Value retailers drive record number of store openings in UK retail parks
According to research from international real estate advisor Savills, 2019 marked a record year for new store openings in the out of town retail market with operators taking advantage of falling rents and increased supply through insolvency activity. The firm also notes that, as we move into unprecedented and challenging times as a result of Covid-19, retail parks are likely to show some degree of resilience, owing to the fact that many supermarkets and other operators on the ‘essential retailers’ list are based on out of town schemes.
The firm reports that last year saw a record 1,012 new stores open across the retail warehousing market, resulting in a net increase of 470 stores once the number of store closures are taken into account. In addition, despite the volume of CVAs (company voluntary administrations), administrations and liquidations within the industry, the vacancy rate within the sector has remained stable at 4.9% in January 2020, compared with 4.7% in January 2019, suggesting that new operators are quickly acquiring stores left vacant by struggling retailers.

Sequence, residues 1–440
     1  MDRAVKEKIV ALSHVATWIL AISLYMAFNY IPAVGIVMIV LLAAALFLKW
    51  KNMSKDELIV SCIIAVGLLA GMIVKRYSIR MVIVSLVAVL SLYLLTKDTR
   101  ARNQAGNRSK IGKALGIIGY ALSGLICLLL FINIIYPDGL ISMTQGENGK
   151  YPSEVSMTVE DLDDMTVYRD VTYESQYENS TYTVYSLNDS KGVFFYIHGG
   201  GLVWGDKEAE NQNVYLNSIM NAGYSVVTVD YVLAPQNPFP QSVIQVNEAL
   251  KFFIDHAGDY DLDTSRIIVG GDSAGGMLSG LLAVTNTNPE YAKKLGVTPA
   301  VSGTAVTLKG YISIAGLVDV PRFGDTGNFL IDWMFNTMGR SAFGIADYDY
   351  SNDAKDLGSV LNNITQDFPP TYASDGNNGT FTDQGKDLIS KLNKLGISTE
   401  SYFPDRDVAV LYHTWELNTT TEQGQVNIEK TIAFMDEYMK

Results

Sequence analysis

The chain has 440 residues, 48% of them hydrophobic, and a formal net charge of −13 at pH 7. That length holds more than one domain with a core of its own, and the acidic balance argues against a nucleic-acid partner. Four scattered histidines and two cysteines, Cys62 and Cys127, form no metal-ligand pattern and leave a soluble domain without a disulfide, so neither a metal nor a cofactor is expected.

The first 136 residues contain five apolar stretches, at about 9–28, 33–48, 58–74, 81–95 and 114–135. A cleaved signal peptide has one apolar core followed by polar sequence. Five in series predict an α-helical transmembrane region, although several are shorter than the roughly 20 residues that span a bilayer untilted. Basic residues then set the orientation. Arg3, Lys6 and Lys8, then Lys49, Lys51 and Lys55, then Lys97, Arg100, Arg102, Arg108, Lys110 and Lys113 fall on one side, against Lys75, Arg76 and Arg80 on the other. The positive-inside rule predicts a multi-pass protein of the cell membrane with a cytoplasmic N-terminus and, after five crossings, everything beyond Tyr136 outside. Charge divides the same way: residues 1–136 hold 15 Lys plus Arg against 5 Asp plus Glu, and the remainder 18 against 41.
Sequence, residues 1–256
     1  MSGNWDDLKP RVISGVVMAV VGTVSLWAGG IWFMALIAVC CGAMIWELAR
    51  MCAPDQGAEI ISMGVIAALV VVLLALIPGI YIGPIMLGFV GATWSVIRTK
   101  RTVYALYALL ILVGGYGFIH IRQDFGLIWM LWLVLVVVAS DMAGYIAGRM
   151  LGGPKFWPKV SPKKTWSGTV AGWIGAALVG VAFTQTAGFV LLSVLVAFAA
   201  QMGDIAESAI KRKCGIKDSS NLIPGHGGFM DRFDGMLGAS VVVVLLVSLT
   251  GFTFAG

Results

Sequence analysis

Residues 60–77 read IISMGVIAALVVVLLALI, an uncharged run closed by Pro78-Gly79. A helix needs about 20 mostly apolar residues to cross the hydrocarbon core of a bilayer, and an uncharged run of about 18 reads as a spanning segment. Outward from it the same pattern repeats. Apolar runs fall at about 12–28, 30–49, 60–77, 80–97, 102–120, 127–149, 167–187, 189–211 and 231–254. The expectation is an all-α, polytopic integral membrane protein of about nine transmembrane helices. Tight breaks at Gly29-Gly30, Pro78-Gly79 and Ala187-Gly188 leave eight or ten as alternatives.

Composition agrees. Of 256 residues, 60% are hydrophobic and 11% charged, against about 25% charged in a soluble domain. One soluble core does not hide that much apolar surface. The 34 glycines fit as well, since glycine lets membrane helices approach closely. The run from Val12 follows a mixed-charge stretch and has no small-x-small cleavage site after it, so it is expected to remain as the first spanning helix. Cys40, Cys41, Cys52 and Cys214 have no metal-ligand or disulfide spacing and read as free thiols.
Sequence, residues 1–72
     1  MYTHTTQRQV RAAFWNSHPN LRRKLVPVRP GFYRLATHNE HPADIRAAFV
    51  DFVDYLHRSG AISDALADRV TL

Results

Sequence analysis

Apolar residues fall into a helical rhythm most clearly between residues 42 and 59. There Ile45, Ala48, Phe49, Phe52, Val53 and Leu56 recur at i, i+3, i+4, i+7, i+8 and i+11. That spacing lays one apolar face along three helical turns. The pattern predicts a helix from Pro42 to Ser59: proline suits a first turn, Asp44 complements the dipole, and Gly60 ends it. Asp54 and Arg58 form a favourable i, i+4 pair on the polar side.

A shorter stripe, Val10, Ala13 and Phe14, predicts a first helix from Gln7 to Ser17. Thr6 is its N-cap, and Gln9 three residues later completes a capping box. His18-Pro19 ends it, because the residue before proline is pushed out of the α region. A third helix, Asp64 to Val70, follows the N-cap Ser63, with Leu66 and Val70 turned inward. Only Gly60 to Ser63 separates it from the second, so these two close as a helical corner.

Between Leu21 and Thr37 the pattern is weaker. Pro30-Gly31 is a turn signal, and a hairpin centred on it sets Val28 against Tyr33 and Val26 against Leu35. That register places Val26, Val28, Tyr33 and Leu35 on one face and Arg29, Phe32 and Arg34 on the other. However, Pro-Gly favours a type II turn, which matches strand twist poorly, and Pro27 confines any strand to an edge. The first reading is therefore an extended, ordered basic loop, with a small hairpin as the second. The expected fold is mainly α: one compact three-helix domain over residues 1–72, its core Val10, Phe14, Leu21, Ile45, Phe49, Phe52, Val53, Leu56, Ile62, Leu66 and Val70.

Further research from Savills shows that of the stores earmarked for closure as a result of insolvency activity since January 2018, 38% of units have been re-let, 6% have the same occupier and 28% of units are currently under offer, leaving only 28% searching for a new occupier.
Savills goes on to note that new store openings within UK retail parks are being driven by the value sector, with value retailers accounting for 42% of all new openings last year. Collectively, Aldi, Lidl, B&M, Iceland, Home Bargains and The Range accounted for over a fifth (21%) of all new out of town store openings, and 44% of space by sq ft overall. Furthermore, acquisitions are continuing into 2020, with a further a 251 stores opening in the market in Q1, again driven by value retailers.
Dominic Rodbourne, head of out of town retail, comments: “2019 was a resilient year for the out of town market, with value and discount retailers driving store openings. While 2020 initially started out along a similar path with good levels of take-up, we have now entered an unprecedented and uncertain time in the industry which will inevitably have an impact on the year ahead. However recent changes to business rates will offer a degree of relief to all retailers and we hope that the market will be able return to some form of normality in the latter half.”
Sam Arrowsmith, associate director in the Savills research team, adds: “Despite the volume of CVAs and administrations last year, it’s positive to see that vacancy rates have remained steady through to January 2020. It is difficult to predict where this year will head, but with many retail parks being home to a supermarket, this will help maintain a level of footfall in what is inevitably very turbulent times.”